More “Palestine Papers” the Guardian chose to bury

Elder of Ziyon again has a great scoop – another “Palestine Paper” the Guardian chose to bury.

This document demonstrates that, in 2008, the PLO wrote a paper describing the legal rights of Jews to lands that they owned prior to 1948 in Judea and Samaria (land confiscated by the Jordanians when they took control of the territories after 1948 war).

Here’s one paragraph:

“Jews who owned land have the right to have their land restored to them or to be compensated, if restitution is not materially possible. Jews are entitled to compensation for other material and non-material losses, including lost profits, lost income, etc. caused by their displacement and dispossession.”

As we reported during the “Palestine Papers” expose, the Guardian didn’t so much as mention compensation for such refugees, and, indeed, in a piece prior to the “Palestine Papers”, Rachel Shabi completely dismissed the broader issue of Jewish refugees from Arab lands – characterizing the issue as relatively unimportant, and Israeli efforts to highlight the plight of such Jews, during the course of negotiations, as insincere or cynical.

As Elder noted, the Palestinians likely wrote the above passages to avoid the appearance of hypocrisy in the context of their own demands regarding the rights of Palestinian refugees.

Apparently, such moral consistency (concerns about the appearance of employing double standards) is not something the Guardian spends too much time worrying about.

8 replies »

  1. MTC

    A very good article today on Harry’s Place

    The article’s main assertion have been totally demolished by the posters both from right and left. If I say that it is laughably stupid and ignorant crap then I can be accused with seriously understating its quality.

  2. The posters you refer to seem to feel that the “main assertion” is that Lieberman is the cause of deligimisation. However the article never says that. The point of the article is summarized in the last paragraph:
    “No amount of social media, nor build-up of global strategic planning, will help as long as Lieberman is in place. Hague’s comments are just a start –Israel has never been more ill prepared for the diplomatic assault that is about to hit. Israel would never go to war under a general who had lost every skirmish they had ever fought, what makes people think that the diplomatic world is any different?”

  3. Did you also read this:

    ‘After the 1948 war, as a matter of international law, Egypt and Jordan occupied Gaza and the West Bank respectively. Both Egypt and Jordan appointed custodians in whom vested the properties of the Jews who fled in 1948 (See Annex I for details).’

    But, with respect to the article, I suspect the P.L.O’s calculation was with regard to the much greater area of land lost of Palestinian Arabs before 1949.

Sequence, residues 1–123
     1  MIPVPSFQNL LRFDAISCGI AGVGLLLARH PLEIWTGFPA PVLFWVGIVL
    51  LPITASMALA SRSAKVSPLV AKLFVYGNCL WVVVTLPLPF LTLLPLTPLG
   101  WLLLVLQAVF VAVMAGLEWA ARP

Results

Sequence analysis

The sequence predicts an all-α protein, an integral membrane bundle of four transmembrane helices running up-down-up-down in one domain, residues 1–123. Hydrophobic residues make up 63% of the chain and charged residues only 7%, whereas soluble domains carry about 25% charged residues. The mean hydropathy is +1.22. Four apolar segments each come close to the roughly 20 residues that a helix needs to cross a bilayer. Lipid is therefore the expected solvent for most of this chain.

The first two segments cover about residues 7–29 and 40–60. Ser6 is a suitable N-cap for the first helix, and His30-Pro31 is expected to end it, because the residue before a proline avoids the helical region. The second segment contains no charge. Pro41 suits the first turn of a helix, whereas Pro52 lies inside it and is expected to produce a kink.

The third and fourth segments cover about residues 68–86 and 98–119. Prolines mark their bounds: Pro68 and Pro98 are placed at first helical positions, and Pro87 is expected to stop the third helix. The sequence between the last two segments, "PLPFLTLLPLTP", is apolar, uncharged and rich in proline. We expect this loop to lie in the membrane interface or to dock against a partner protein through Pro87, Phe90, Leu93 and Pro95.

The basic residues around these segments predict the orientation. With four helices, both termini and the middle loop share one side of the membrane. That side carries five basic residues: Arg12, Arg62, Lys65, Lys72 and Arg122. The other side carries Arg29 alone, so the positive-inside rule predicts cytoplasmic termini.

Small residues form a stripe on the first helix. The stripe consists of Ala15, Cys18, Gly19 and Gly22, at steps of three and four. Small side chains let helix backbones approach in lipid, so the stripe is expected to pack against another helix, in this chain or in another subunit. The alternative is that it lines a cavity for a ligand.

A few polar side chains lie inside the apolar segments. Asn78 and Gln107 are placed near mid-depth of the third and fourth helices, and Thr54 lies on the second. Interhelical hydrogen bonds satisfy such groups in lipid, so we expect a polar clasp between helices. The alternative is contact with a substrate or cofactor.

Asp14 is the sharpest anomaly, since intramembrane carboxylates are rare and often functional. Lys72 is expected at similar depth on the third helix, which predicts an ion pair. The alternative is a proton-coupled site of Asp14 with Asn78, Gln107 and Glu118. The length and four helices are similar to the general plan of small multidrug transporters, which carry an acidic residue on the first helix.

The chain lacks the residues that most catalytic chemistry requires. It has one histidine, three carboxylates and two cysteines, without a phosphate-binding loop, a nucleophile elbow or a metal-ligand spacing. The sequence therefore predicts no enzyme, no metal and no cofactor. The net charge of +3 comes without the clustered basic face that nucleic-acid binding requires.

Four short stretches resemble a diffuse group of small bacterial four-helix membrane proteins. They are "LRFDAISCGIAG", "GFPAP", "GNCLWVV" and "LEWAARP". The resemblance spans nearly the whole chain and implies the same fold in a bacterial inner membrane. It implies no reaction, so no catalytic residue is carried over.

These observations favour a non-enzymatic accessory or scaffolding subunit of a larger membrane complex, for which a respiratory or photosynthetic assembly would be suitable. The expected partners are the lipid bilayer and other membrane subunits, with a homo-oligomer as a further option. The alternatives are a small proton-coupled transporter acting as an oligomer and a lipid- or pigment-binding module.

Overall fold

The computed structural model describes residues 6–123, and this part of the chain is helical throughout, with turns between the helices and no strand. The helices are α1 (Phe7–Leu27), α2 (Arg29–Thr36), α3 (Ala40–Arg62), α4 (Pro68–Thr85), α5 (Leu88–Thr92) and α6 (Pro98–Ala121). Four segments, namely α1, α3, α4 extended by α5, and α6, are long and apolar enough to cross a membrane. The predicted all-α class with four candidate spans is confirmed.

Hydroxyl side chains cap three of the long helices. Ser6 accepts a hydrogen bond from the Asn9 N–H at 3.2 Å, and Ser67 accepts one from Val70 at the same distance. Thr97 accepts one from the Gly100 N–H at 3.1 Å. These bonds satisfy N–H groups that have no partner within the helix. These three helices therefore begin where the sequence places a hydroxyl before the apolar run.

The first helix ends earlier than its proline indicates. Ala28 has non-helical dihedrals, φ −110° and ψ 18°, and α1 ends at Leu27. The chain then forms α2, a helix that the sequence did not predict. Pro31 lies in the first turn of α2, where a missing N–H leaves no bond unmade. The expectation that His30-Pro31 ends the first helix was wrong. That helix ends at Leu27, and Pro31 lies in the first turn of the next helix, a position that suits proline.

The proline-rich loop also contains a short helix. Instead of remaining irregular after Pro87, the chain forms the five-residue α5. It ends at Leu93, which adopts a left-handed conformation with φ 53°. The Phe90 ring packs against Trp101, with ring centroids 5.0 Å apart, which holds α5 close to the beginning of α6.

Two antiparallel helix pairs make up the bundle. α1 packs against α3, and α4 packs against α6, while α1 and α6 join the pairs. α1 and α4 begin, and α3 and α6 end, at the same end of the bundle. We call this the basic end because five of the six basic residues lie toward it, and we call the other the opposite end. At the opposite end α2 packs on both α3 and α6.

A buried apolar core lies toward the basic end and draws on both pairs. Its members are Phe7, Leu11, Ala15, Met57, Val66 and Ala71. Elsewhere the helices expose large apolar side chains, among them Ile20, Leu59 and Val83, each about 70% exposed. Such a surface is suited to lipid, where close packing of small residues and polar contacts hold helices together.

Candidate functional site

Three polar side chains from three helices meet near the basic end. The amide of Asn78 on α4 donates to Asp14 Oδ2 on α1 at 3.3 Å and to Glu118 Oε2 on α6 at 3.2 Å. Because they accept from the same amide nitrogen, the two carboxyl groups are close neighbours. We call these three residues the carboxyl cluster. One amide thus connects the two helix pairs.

What they don’t factor in is restitution required to be paid to Palestinian and Israeli Jews for having rejected partition and fought a war of subjection, expulsion or elimination until at least 1988.

  4. Actually that was exactly their calculation:

    ‘As pre-1948 Jews’ rights are an issue of importance to Israel – not Palestinians – Palestinian negotiators may wish to wait for Israel to raise it in negotiations, rather than raise it themselves. Once Israel does so, Palestinian negotiators could opt to recognise pre-1948 Jews’ rights and, in so doing, try to leverage them to secure a better outcome for displaced and dispossessed Palestinians on the basis of reciprocity. Pre-1948 Jews could bring pressure to bear upon Israel to secure restitution or, in its absence, full compensation. In this way, Israel would have a stake in ensuring appropriate remedies and an appropriate mechanism for the resolution of the Palestinian refugee issue. However, if the number of affected Jews is small, then the pressure brought to bear upon Israel may be insufficient to have any actual impact on Israel’s negotiating position.’

  5. MTC

    Read the article again.

    Its main points:

    All the work around this important issue will be for nothing though if a central figure within Israel is not removed. Around two years ago, when the talk of Delegitimisation had just started to be spoken about seriously, Israel appointed a new Foreign Minster, Mr. Lieberman

    The author obviously must be matematically and/or historically challenged: The deligitimisation started well before that – oficially at the Durban conference in 2001 and described as such by Sharansky in 2003.


    Lieberman’s charge sheet is not news to anyone but at the same time it cannot be ignored as one of the main reasons for why the West is turning away from Israel.

    I’m not sure that this generalised assertion “the West is turning away from Israel” is true, but if it is then it has nothing to do with Lieberman and a lot has to do with many other factors like the relatively high number of Muslim voters in Western-Europe, the West’s hunger for safe supply of oil, the fall of the Sovietunion and the far-left search for new ideals and alliances etc.etc.

    The author’s ignorance is astonishing –

    He wrote:

    The Turkish FM might be an islamist but its also one of the fastest growing econ’s in the world, a massive population and their FM keeps to the rules of diplomatic protocol in both the UN and to their European neighbors regardless of his personal opinions of them.

    Seems to me he never ever heard of the famous hysterical (and utterly un-diplomatic) outburst of Erdogan against Shimon Peres in Davos.

    If somebody wants to try his/her ability to write an article on Israel, maybe the person should have looked up in a lexicon how to spell the name of Theodor Herzl